‘Jack Ystumllyn’, or 'A victory over racism in 18th century Criccieth', looks into the experiences of an African man in North Wales, and the stories the community told about how he came to be there. The only black man anyone had ever come across, it seems he may have been an escaped slave, and Jack overcame prejudice to become an extremely popular and respectable man.

Twm was brought up in the same village as Lloyd George, and in the essay 'Why the Lloyd George museum is so small' (Twm worked in the museum for a while), he explains that the former prime minister is not fondly remembered there. Some think that Lloyd George betrayed his country's cause in order to further himself in England and the Empire, others that his behaviour during the First World War was warmongering (he personally gave many speeches recruiting young welsh men to the army). Twm recalls that a filthy limerick was found in Lloyd George's wallet at the time of his death, and that as a museum assistant, it wasn't the done thing to draw attention to the verse.

In the final essay 'Saint Teilo - a surplus of arms' Twm delves into the cultural links between Brittany and Wales, drawing on his experience of living there for ten years. Of this he says that speaking Breton was like speaking Welsh after taking some psychedelic drug, and living there was like a Wales where Methodist chapels never happened. St Teilo fled to Brittany with a band of monks in the 6th century to escape the plague, and during this time tamed a fierce dragon and chained it to a rock in the sea. Twm explains how a church in Brittany manages to claim that they hold a hallowed relick of the Welsh Saint - his arm and hand, encased in silver - even though he returned to Wales to die.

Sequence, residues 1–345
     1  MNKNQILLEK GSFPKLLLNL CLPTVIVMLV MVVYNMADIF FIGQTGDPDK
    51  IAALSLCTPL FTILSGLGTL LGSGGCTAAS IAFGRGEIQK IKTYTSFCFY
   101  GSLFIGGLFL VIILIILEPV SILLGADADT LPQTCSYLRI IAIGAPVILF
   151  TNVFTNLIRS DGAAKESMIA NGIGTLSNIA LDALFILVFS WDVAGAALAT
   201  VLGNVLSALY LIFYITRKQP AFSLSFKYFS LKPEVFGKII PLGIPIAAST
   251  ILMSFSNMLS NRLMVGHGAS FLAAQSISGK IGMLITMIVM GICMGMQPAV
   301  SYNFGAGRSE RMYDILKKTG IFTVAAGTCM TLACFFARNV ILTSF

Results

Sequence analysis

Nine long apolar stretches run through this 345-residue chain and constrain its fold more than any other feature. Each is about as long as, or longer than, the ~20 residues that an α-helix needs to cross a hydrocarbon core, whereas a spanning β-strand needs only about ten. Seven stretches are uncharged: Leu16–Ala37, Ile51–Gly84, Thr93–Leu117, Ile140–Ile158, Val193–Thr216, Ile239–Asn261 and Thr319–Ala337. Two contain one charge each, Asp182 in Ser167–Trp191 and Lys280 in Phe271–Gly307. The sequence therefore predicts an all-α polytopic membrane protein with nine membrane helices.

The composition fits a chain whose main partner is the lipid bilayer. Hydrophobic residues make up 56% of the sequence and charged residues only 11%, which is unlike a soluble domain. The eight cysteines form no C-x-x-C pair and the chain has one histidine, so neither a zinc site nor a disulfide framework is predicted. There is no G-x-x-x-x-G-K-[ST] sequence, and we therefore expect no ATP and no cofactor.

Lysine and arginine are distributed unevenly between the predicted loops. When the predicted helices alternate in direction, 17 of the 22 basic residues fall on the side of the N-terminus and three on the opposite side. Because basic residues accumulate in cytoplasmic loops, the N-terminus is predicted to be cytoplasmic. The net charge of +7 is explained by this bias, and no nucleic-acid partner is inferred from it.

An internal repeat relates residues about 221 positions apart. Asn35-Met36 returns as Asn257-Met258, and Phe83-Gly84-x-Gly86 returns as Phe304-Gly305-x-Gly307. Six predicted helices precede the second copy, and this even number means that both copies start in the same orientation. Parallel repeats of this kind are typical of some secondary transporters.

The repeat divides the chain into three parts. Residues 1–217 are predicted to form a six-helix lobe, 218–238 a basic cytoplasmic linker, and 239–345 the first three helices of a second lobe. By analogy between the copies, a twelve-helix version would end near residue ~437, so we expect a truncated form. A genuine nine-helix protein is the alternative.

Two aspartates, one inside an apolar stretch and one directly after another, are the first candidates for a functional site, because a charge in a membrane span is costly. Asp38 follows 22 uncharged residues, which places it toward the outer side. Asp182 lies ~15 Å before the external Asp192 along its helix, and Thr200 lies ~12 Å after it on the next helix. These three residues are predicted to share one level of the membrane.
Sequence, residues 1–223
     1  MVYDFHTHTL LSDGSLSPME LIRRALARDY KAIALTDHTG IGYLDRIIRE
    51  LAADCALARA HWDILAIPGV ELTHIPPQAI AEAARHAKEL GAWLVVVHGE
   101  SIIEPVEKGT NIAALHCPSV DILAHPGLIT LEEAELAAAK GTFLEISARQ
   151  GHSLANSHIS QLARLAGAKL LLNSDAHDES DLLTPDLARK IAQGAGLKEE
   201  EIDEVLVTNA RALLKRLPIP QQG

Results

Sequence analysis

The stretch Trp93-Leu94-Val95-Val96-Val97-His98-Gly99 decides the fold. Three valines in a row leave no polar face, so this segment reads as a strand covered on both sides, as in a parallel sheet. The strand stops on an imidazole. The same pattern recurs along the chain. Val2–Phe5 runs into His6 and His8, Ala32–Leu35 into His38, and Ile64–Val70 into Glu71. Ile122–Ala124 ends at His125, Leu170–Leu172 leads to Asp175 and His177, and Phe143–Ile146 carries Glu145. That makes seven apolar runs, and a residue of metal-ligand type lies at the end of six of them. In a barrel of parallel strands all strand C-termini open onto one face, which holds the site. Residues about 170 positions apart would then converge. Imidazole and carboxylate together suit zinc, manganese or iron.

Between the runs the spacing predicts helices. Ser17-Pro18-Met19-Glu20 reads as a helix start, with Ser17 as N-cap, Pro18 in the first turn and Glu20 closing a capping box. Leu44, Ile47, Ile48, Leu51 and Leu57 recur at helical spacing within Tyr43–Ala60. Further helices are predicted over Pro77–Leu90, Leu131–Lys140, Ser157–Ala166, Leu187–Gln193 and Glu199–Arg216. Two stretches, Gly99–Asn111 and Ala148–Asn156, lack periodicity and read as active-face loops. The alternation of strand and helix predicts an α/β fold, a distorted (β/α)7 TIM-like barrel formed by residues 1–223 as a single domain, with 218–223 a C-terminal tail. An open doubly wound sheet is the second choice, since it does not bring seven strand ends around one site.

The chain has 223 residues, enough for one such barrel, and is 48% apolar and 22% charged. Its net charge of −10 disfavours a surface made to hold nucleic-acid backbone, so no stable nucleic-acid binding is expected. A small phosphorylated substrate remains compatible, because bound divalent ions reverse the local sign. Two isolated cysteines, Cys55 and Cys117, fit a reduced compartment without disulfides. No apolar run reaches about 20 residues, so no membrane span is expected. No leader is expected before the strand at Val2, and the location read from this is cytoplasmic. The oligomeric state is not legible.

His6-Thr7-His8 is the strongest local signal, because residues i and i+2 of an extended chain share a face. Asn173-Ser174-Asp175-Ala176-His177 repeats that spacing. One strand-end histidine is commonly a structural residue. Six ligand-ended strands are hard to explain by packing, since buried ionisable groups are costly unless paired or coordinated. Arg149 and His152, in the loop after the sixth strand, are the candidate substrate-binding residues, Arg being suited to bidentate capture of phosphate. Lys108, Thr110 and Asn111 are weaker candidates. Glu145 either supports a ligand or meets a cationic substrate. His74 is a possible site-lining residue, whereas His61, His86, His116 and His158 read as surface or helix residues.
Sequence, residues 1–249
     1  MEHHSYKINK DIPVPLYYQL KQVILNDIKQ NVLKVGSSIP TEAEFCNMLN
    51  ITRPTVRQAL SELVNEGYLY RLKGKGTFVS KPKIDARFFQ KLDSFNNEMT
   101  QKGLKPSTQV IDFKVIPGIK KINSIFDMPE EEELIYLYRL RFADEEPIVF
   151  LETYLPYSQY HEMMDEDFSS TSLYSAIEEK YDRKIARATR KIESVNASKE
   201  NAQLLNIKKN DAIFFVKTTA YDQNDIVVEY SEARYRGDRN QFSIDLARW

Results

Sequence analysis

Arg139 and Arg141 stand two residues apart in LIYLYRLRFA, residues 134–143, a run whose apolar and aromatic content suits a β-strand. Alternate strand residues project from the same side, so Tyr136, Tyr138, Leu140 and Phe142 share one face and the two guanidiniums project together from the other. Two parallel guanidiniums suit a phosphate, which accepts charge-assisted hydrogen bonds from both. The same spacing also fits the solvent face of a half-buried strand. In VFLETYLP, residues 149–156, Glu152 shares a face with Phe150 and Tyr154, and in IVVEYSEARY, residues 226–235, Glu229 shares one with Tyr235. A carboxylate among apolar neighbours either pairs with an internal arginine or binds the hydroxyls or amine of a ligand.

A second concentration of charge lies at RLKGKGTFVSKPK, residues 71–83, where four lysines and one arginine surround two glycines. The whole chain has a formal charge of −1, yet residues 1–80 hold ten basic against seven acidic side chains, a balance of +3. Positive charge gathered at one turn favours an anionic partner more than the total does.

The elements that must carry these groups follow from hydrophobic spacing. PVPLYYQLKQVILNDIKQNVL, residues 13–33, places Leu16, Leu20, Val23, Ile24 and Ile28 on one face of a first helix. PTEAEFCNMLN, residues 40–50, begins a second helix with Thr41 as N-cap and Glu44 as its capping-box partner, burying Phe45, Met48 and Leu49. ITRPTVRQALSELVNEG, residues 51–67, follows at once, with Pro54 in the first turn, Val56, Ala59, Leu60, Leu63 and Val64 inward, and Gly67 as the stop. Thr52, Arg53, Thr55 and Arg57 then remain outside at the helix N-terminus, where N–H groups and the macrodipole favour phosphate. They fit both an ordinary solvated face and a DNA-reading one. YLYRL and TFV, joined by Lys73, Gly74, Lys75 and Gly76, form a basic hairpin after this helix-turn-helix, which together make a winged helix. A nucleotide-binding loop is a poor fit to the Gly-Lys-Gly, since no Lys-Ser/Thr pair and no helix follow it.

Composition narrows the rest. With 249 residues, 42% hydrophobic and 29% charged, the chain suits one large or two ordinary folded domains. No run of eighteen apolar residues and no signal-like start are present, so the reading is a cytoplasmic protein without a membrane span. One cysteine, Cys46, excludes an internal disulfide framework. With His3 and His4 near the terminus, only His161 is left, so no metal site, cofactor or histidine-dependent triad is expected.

Producer: Megan Jones for BBC Wales

Poet and musician Twm Morys tells the story of the oldest lullaby in Britain.

Essays from leading writers on arts, history, philosophy, science, religion and beyond.

Ma-hw20180918

The history of the Welsh people, from the year six hundred to the present, can be traced through poetry - there has not been one generation in that time in which poets haven't kept a record. In this series of Essays, poet and musician Twm Morys brings his personal perspective to five stories looking at aspects of the history of Wales over several centuries, following the fortunes of Welsh figures both eminent and ordinary.